Originally developed by Toyota in Japan, Kanban is a system for scheduling production using a physical board to show work in progress; essentially, it’s a process improvement method.
Within IT departments it’s used to visualize workload by having notes on a board showing changes and projects. This way it enables development teams to break down and discuss deliveries and possible throughput, allowing more control and prioritization.
With the speed and scale of technological evolution today – including the increased demand for changes and projects – IT people are under more pressure than ever. And being service-oriented IT teams can say “yes” too often, resulting in starting more things than they finish. Kanban helps to manage these problems.
Kanban in practice
Kanban visualizes what’s going on in the workflow and helps focus on finishing things instead of starting new things. If everybody can see what’s going on you can agree what’s important and make decisions to move something ahead.
The delegation that Kanban enables means the team can take more ownership and move authority from management, which is desirable.
In IT service management (ITSM) – as in development – the purpose is to finish projects and implement changes. However, it’s often difficult to set a timeframe for progress, especially if a project lasts one or two years. But visualizing two weeks ahead creates greater motivation to meet a deadline and deliver. With Kanban, this involves breaking down a project into manageable parts so IT operations can visualize tasks and discuss resources and deliverables. This should increase speed of delivery and reduce stress!
Mirroring existing ways of working
For IT operations, Kanban should not be seen as a new way of working. With change and project methods already in place, Kanban should mirror them while enabling discussions about work in progress, deadlines, resource allocation and celebrating milestones achieved.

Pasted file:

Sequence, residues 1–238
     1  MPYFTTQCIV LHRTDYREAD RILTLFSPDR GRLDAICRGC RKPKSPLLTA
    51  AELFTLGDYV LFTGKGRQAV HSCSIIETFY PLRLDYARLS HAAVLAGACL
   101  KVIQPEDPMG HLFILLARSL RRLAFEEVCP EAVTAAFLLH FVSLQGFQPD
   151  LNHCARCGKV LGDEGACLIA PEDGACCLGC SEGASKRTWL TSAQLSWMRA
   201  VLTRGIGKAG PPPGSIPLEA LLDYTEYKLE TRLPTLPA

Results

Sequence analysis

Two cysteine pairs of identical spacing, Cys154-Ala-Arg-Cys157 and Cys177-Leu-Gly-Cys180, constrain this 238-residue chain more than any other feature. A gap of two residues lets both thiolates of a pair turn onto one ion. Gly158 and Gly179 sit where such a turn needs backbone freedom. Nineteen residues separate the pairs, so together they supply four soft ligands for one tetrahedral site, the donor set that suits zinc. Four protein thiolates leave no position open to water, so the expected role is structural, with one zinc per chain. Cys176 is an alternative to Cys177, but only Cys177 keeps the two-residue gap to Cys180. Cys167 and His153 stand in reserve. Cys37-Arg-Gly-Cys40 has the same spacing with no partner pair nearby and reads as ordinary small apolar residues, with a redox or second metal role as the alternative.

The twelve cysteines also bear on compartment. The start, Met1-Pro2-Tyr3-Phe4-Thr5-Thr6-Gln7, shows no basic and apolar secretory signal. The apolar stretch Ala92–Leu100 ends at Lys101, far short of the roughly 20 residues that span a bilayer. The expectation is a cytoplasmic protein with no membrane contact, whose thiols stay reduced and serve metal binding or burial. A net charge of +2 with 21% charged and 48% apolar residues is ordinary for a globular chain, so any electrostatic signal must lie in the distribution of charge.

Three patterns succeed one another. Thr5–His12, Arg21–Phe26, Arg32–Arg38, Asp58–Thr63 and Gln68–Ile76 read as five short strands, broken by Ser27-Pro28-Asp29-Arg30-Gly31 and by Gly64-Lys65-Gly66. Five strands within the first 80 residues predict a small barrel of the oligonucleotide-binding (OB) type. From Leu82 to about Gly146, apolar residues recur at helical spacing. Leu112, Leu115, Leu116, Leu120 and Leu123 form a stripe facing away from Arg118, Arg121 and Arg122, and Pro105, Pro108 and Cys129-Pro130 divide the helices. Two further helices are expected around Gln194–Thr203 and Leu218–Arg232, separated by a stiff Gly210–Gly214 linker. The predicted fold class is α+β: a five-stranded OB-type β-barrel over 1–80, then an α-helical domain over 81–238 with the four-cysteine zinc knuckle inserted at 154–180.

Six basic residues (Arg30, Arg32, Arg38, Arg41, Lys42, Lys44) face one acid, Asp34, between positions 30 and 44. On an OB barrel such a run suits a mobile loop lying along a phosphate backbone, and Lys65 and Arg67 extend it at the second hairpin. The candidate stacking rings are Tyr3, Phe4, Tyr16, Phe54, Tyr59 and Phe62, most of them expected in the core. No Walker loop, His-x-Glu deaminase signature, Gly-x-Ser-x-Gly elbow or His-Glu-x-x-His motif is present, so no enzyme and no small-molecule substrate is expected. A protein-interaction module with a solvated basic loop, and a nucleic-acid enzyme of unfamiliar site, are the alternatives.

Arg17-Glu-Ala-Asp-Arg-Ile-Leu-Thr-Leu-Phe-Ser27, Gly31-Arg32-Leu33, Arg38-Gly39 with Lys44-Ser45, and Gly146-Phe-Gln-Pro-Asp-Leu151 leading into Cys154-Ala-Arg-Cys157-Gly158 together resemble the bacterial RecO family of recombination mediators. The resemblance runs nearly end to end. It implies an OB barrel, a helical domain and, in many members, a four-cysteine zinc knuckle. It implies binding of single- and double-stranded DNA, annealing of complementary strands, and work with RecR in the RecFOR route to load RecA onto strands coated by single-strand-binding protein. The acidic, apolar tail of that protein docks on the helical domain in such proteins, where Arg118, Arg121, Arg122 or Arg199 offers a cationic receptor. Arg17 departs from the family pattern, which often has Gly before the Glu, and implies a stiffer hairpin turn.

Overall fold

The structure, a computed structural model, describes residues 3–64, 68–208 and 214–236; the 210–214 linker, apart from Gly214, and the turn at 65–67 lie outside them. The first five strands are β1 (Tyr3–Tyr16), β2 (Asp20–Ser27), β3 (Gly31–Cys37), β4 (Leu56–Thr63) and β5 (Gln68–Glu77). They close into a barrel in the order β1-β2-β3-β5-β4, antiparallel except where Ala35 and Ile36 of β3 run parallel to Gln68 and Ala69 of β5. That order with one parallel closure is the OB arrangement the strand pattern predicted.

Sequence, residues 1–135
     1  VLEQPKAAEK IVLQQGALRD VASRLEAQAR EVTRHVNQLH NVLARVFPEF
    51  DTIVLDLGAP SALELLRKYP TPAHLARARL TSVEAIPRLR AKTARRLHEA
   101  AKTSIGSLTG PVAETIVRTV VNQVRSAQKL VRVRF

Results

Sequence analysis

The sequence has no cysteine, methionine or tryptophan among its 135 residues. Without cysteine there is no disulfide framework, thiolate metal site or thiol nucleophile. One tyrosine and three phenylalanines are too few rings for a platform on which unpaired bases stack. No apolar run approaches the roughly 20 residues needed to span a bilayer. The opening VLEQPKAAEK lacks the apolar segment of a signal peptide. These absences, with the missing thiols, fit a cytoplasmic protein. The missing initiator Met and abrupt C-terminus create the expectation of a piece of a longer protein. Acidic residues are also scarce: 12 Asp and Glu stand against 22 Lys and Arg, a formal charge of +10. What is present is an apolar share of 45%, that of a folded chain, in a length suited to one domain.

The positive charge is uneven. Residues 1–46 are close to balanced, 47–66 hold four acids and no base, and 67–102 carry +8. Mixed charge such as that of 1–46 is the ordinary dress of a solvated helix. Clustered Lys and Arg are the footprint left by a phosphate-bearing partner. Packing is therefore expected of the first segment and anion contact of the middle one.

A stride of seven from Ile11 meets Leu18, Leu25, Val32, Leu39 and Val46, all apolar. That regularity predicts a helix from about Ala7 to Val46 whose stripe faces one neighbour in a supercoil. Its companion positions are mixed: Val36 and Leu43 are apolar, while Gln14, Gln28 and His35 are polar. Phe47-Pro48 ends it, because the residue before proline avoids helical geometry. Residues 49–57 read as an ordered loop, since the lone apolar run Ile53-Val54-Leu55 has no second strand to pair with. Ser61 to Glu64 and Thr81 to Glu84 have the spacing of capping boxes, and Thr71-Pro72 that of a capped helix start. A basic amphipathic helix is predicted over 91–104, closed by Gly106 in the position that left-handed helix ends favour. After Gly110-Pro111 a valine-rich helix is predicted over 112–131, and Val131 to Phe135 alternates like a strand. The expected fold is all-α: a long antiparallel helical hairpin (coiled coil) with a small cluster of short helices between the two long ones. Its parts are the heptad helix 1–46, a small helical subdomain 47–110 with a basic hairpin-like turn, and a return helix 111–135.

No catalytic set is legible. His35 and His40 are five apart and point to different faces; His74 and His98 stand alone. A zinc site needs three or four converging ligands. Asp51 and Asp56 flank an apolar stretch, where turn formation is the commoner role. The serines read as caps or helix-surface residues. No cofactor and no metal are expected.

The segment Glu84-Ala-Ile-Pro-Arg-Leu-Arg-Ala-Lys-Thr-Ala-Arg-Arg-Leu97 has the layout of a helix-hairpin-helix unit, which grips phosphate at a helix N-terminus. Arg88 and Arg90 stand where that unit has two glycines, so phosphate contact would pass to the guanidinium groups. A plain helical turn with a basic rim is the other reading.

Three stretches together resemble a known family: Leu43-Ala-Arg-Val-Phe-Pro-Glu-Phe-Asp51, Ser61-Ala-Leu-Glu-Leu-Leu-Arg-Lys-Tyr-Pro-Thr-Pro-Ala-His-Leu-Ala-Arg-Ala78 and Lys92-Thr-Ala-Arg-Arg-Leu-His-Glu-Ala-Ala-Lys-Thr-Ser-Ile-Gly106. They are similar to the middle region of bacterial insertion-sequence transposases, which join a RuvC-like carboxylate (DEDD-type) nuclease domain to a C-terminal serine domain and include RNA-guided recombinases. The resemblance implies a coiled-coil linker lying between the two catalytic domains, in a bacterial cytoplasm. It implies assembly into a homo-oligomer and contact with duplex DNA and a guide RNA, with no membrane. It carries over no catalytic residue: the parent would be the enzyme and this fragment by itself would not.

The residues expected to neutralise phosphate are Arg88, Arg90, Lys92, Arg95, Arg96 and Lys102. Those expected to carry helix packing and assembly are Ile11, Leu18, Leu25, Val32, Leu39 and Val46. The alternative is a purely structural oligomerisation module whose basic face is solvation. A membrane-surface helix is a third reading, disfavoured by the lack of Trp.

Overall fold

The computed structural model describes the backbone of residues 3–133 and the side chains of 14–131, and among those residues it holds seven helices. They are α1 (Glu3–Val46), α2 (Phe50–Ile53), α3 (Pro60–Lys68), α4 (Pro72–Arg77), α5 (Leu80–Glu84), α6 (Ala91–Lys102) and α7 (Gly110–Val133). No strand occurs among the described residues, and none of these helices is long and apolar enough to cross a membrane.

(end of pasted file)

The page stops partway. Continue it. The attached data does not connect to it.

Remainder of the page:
Project managers, meanwhile, can experience some initial resistance to Kanban because they are accustomed to controlling a project and, conversely, the Kanban board is driven by the team. However, project managers should recognize how Kanban equips the team to streamline the delivery of the project.
The potential value in Kanban
Most departments I work with are developing services for customers. While Kanban itself doesn’t have a customer focus, it enables teams to create value. It does this by addressing the backlog of tasks and identifying the most important things for setting the customer focus. Kanban invites a discussion about value and helps prioritize one change over another based on the ultimate level of value to the customer.
The daily stand-up meeting among the team, part of Kanban method, means that everyone has the same picture, management can provide necessary information and the team can celebrate achievements together.
And it’s after the stand-ups that the real “magic” happens: people talk and solve problems together without having to schedule a formal meeting.
A final note for managers: when using Kanban you need to change your leadership style. You too must gather around the board, help solve problems, allocate resources and be more facilitating than perhaps you are accustomed to. Once you do this, the change it brings is significant.
Read more AXELOS Blog Posts by Leif Andersson
ITSM simulation: changing culture, making significant improvements
ITSM into 2018: framework maturity and business alignment
ITIL and DevOps – better together